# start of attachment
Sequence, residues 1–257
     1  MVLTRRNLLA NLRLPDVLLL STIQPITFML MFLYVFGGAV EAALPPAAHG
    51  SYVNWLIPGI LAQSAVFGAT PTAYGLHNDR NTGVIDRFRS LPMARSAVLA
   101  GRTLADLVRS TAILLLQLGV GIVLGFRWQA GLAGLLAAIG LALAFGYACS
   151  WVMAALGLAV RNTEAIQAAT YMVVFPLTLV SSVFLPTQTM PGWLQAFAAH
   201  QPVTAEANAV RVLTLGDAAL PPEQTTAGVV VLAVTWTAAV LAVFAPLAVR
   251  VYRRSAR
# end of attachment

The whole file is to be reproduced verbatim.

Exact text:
Sequence, residues 1–257
     1  MVLTRRNLLA NLRLPDVLLL STIQPITFML MFLYVFGGAV EAALPPAAHG
    51  SYVNWLIPGI LAQSAVFGAT PTAYGLHNDR NTGVIDRFRS LPMARSAVLA
   101  GRTLADLVRS TAILLLQLGV GIVLGFRWQA GLAGLLAAIG LALAFGYACS
   151  WVMAALGLAV RNTEAIQAAT YMVVFPLTLV SSVFLPTQTM PGWLQAFAAH
   201  QPVTAEANAV RVLTLGDAAL PPEQTTAGVV VLAVTWTAAV LAVFAPLAVR
   251  VYRRSAR